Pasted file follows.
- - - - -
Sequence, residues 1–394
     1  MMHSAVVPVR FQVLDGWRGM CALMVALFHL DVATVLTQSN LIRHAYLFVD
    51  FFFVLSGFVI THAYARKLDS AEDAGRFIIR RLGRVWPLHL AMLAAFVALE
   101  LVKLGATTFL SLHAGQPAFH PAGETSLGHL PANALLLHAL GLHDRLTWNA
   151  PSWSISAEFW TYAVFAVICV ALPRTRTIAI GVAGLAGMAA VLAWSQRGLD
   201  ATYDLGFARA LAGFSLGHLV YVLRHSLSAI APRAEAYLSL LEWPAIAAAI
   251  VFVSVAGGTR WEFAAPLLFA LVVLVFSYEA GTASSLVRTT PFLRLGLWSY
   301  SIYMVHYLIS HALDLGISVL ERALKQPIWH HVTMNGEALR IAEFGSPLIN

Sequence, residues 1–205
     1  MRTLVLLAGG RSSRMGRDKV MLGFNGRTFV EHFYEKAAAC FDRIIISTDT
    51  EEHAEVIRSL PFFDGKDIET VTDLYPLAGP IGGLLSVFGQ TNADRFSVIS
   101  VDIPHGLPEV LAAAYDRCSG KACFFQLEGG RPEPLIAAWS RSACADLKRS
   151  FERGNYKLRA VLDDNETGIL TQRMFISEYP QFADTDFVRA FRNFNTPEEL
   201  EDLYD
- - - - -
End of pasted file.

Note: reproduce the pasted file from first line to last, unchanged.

Sequence, residues 1–394
     1  MMHSAVVPVR FQVLDGWRGM CALMVALFHL DVATVLTQSN LIRHAYLFVD
    51  FFFVLSGFVI THAYARKLDS AEDAGRFIIR RLGRVWPLHL AMLAAFVALE
   101  LVKLGATTFL SLHAGQPAFH PAGETSLGHL PANALLLHAL GLHDRLTWNA
   151  PSWSISAEFW TYAVFAVICV ALPRTRTIAI GVAGLAGMAA VLAWSQRGLD
   201  ATYDLGFARA LAGFSLGHLV YVLRHSLSAI APRAEAYLSL LEWPAIAAAI
   251  VFVSVAGGTR WEFAAPLLFA LVVLVFSYEA GTASSLVRTT PFLRLGLWSY
   301  SIYMVHYLIS HALDLGISVL ERALKQPIWH HVTMNGEALR IAEFGSPLIN

Sequence, residues 1–205
     1  MRTLVLLAGG RSSRMGRDKV MLGFNGRTFV EHFYEKAAAC FDRIIISTDT
    51  EEHAEVIRSL PFFDGKDIET VTDLYPLAGP IGGLLSVFGQ TNADRFSVIS
   101  VDIPHGLPEV LAAAYDRCSG KACFFQLEGG RPEPLIAAWS RSACADLKRS
   151  FERGNYKLRA VLDDNETGIL TQRMFISEYP QFADTDFVRA FRNFNTPEEL
   201  EDLYD